A possible protocognitive role for odor in human infant development
UNSPECIFIED. (1995) A possible protocognitive role for odor in human infant development. BRAIN AND COGNITION, 29 (3). pp. 275-293. ISSN 0278-2626Full text not available from this repository.
Concepts relating to semiochemistry are now prevalent in the current literature on olfaction. Two fundamental tools of semiotics are metaphors, involving cognitive and verbal processes, and metonyms, involving nonverbal associations. By extending the concept of metonymy to non-linguistic transmission, we propose a possible explanation of how olfaction acts as a semiotic sense. Consideration of the sense of smell in animals and humans demonstrates its excellence for the formation of learned associations. In animals we find salient and complex information transmitted via biological odors. In this review, the olfactory dyadic relationship between mother and child is used for the theoretical proposal that the sense of smell plays an important protocognitive role in the genesis of cognition via mechanisms of in utero and postnatal nonlinguistic metonymic learning processes. (C) 1995 Academic Press, Inc.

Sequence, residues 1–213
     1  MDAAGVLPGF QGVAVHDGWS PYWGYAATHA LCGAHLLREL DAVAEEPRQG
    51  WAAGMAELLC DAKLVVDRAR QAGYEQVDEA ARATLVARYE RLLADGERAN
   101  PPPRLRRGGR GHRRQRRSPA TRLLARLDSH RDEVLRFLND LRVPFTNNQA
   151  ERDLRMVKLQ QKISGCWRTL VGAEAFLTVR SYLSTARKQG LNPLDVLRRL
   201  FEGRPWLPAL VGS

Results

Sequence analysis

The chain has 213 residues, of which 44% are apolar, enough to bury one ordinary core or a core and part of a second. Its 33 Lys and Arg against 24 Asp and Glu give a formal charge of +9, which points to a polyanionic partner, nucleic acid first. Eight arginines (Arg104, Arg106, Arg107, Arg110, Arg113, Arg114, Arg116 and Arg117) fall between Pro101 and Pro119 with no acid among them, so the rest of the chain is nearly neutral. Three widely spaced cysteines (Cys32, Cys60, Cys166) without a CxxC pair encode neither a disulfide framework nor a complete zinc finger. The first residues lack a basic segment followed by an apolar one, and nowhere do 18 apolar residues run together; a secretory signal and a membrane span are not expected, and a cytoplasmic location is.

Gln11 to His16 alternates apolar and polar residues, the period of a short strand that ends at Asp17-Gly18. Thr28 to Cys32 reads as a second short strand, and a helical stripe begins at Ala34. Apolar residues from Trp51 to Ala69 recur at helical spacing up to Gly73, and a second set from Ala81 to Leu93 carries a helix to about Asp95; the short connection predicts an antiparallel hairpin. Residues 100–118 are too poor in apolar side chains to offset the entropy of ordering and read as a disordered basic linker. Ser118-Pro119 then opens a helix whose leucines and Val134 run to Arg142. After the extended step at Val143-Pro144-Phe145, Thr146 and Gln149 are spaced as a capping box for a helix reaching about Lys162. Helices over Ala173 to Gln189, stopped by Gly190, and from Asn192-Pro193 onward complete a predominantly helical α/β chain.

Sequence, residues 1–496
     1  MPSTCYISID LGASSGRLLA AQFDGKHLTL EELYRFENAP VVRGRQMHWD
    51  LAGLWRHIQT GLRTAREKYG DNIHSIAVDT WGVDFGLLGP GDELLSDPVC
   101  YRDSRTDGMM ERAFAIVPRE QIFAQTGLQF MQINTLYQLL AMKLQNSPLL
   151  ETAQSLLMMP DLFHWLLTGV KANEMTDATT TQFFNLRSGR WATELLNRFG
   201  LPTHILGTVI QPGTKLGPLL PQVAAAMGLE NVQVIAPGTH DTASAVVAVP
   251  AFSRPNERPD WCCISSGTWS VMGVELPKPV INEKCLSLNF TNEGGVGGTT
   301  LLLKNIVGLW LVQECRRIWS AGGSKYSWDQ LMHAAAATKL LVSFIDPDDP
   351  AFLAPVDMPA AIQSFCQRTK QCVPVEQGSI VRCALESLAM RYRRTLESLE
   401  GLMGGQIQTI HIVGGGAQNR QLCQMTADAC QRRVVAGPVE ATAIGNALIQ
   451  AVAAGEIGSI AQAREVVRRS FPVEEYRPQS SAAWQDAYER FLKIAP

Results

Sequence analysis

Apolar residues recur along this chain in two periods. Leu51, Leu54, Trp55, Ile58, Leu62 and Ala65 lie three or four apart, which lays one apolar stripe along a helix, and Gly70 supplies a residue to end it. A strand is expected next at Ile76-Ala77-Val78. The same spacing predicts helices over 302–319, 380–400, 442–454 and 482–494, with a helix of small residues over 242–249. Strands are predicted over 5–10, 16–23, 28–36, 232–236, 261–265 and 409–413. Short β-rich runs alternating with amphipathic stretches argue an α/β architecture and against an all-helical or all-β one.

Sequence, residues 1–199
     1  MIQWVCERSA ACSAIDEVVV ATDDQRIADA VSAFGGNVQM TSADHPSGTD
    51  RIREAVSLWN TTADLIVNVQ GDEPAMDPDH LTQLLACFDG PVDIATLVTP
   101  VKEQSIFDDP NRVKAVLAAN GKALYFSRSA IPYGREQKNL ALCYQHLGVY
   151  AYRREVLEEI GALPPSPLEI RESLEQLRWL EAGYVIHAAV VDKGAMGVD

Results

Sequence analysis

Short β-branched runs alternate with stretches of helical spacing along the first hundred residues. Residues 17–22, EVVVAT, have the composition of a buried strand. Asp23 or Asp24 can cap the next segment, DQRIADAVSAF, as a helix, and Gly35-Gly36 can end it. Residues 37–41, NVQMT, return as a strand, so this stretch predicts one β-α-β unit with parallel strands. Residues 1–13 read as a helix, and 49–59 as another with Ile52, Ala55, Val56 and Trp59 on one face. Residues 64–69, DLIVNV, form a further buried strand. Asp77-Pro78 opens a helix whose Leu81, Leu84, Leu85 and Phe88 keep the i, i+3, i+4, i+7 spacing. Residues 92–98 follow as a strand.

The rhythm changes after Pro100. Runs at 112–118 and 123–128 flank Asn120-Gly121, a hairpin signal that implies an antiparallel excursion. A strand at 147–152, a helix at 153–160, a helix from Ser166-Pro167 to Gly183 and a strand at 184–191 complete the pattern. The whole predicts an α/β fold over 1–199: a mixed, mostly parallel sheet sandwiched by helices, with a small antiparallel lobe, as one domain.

|Item Type:||Journal Article|
|Subjects:||R Medicine > RC Internal medicine > RC0321 Neuroscience. Biological psychiatry. Neuropsychiatry
B Philosophy. Psychology. Religion > BF Psychology
|Journal or Publication Title:||BRAIN AND COGNITION|
|Publisher:||ACADEMIC PRESS INC JNL-COMP SUBSCRIPTIONS|
|Number of Pages:||19|
|Page Range:||pp. 275-293|
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